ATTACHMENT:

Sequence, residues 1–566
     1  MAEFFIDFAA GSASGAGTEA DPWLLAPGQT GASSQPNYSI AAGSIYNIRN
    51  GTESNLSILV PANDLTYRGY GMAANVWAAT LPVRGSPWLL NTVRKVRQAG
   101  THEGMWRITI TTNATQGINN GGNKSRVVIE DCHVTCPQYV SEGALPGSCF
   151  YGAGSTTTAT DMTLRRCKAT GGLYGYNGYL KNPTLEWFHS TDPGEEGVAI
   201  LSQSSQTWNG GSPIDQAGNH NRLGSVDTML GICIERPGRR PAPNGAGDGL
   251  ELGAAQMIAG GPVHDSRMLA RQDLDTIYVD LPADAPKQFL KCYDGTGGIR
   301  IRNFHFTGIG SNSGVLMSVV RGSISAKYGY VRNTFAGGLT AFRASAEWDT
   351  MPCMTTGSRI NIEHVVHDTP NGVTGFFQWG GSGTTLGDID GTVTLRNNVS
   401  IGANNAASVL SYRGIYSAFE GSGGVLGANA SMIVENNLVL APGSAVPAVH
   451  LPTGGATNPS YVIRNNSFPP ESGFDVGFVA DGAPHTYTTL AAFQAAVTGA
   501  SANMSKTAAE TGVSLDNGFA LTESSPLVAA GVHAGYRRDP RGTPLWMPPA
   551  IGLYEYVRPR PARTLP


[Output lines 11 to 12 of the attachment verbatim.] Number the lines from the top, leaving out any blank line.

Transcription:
   451  LPTGGATNPS YVIRNNSFPP ESGFDVGFVA DGAPHTYTTL AAFQAAVTGA
   501  SANMSKTAAE TGVSLDNGFA LTESSPLVAA GVHAGYRRDP RGTPLWMPPA